11 April 2001
How much creativity can you cram into 5 Kilobytes? View this year's 5k
contest entries, marvel at what can be done, and rate the entries. ::: One of our favorite communities, and a site with which we were affiliated, Astounding Websites
, has gone down. We hope it will resurface in one form or another. ::: Changes are expected soon for Kubrick.org
as well, but those changes should be pleasant and interesting. ::: And we're probably the last to notice, but another of our old favorites, f*cker.com, is gone—having sold their domain to an "adult" business. Sad.
An astounding new issue of Digital Web
Magazine is now online for your pleasure. Telling you what's in it would take hours. Just go and look. ::: Kelly Goto and Macromedia have put together a handy tutorial on Site Production Management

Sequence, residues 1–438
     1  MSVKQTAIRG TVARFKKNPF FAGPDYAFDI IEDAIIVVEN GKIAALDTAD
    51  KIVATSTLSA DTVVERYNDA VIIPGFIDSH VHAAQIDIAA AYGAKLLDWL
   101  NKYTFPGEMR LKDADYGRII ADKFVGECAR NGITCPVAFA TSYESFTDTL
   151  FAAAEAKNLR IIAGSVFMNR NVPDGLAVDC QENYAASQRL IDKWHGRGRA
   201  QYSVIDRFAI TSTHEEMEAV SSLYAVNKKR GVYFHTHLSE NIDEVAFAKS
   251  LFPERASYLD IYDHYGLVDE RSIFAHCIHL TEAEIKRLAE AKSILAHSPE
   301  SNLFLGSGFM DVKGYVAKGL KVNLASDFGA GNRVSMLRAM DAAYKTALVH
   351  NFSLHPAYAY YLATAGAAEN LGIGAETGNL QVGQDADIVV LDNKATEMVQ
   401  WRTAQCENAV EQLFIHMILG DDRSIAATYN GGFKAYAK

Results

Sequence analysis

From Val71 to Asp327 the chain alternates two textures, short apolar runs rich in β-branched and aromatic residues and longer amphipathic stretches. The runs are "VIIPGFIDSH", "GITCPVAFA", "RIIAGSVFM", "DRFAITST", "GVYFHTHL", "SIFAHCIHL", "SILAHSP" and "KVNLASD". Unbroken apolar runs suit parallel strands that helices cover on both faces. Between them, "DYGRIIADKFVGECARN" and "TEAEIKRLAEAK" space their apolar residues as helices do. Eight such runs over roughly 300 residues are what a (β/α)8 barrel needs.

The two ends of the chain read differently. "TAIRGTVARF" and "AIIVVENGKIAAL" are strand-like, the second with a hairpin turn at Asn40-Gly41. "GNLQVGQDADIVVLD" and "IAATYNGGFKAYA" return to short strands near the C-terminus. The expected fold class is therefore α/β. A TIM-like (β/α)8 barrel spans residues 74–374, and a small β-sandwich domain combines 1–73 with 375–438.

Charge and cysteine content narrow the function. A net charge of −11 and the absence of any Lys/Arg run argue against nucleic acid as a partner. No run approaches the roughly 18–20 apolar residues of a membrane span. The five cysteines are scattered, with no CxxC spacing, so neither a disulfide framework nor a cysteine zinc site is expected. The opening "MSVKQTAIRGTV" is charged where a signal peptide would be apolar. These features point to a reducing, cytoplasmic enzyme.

techniques. Kelly is an expert on this subject, and a wonderful communicator. The site requires Flash.
10 April 2001
Posted for your pleasure: Our book is nearly ready to go to print, and those wonderful people at Internet.com have put an excerpt from Chapter Three
online. It's a short extract from a long chapter, with more to come. (Note that there are a few very minor errors in the excerpt, since it's taken from a third revision, and there were a couple of edits after that version.)
[Deleted] ::: [Deleted] ::: Updated the Exit Gallery
9 April 2001
Updated The Web Standards Project
. Winer on XML and Microsoft
in The New York Times
(requires password). Winer on Times coverage
of Winer on XML and Microsoft. Veen on IE6 and DOCTYPE switching
: "Get busy and start writing perfect code today."
8 April 2001
Spent the evening in Brooklyn, watching Alice and Dan